During 2019-2020, the department published the 2017 model year light-duty vehicle GHG performance report. This report, compiled from the annual compliance reports submitted by automobile companies, documents the overall fleet performance for each of the specified model years. The department also published 3 fuel quality reports covering data reported for gasoline and distillate fuels between 2013 and 2017. These reports summarized data, collected from fuel producers and importers, of benzene in gasoline, sulphur in liquid fuels, and renewable fuels. The corresponding aggregated fuel quality data was also published in 2019-2020 using the Open Data Portal.

More information on the Government of Canada’s vehicle, engine and fuel regulations is available online.

Clean fuel standard

The government is developing a Clean Fuel Standard, a key part of the Pan-Canadian Framework on Clean Growth and Climate Change that will reduce the carbon intensity of fuels used in Canada. The Clean Fuel Standard aims to lower the carbon intensity of fossil fuels, resulting in significant GHG emissions reductions, while sending a market signal for investment and innovation in low carbon fuels and technologies and reducing compliance costs through a flexible regulatory design.

On June 28, 2019, ECCC released the document Clean Fuel Standard: Proposed Regulatory Approach. This document outlined the proposed design for the liquid fuel class regulations of the Clean Fuel Standard. It was developed through extensive engagement and consultations with provinces, territories and stakeholders. The document built on the Clean Fuel Standard: Regulatory Design paper, published in December 2018, as well as the Clean Fuel Standard Regulatory Framework, published in December 2017.

Consumer and commercial products

ECCC has been targeting the reduction of emissions of Volatile Organic Compounds (VOCs) from consumer and commercial products. VOCs are a contributing factor in the creation of air pollution. Control measures have been developed that set VOC content limits in some products, which in turn reduce their emissions.

On July 6, 2019, ECCC published the proposed Volatile Organic Compound Concentration Limits for Certain Products Regulations in the Canada Gazette, Part I, for a 75-day comment period. The proposed Regulations would establish VOC concentration limits for 130 product categories including: personal care, automotive and household maintenance products; adhesives, adhesive removers, sealants and caulks; and other miscellaneous products. All comments received during the consultation period are currently under consideration.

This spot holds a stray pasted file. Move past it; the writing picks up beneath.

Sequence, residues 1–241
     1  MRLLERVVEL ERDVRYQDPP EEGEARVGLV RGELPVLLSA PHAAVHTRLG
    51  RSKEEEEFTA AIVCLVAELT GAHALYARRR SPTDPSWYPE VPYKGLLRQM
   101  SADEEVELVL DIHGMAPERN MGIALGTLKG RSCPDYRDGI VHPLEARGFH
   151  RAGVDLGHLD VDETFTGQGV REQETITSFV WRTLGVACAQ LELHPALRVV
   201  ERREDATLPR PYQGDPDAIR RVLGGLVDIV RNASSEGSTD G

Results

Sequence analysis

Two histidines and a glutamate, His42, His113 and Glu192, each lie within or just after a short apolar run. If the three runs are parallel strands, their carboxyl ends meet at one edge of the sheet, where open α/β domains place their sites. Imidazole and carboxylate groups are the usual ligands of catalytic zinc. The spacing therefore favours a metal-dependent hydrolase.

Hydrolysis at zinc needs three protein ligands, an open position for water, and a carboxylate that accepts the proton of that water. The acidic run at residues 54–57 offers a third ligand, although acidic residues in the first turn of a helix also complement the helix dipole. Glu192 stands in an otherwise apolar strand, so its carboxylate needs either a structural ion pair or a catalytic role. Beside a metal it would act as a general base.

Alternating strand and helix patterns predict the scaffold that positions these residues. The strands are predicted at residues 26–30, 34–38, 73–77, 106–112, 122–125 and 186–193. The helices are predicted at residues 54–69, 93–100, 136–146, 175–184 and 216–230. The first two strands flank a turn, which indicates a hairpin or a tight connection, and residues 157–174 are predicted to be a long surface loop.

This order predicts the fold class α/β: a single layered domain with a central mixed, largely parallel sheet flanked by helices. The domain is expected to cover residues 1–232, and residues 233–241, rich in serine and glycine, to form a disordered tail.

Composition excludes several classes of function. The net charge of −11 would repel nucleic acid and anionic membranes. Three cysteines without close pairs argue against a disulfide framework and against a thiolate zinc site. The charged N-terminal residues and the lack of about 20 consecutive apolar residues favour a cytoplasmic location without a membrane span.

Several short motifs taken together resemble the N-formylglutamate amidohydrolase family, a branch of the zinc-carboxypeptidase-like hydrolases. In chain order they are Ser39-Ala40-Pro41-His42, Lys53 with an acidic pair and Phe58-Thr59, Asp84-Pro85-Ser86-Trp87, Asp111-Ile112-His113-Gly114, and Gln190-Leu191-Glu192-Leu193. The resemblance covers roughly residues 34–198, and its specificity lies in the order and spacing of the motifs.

Indoor air quality

In addition to the penetration indoors of outdoor pollutants, indoor air can be contaminated by emissions from building materials, products, and activities inside the home, and by the infiltration of naturally occurring radon from the soil under the building.

On June 29, 2019, the proposed Formaldehyde Emissions from Composite Wood Products Regulations were published. The proposed regulations would set formaldehyde emission limits for composite wood products that are for indoor use.

The Residential Indoor Air Quality Guidelines summarize the health risks posed by specific indoor pollutants, based on a review of the best scientific information available at the time of the assessment. HC also continued the implementation of a risk-based screening process for 60 semi-volatile organic compounds (SVOCs) in indoor air.

In 2019-2020, HC published fact sheets on indoor air quality including:

In 2019-2020, HC also conducted investigations that help to inform risk assessment and risk management processes for indoor environments. A study of air quality in ice arenas continued with the objective of developing broadly applicable risk management practices. Additionally, a multi-year study of the air quality in newly built homes in Ottawa was initiated.

3.4 Drinking water quality

Work on water quality under CEPA includes leadership on the development of guidelines for water quality.

HC works in collaboration with the provinces and territories to establish a list of priority contaminants for developing or updating Guidelines for Canadian Drinking Water Quality (GCDWQ) and their technical documents.

Health-based guidelines are developed for drinking water contaminants that are found or expected to be found in drinking water supplies across Canada and at levels that could lead to adverse health effects. The GCDWQ are used by all provinces and territories as a basis to establish their own regulatory requirements regarding the quality of drinking water in their jurisdictions to manage the risk from drinking water.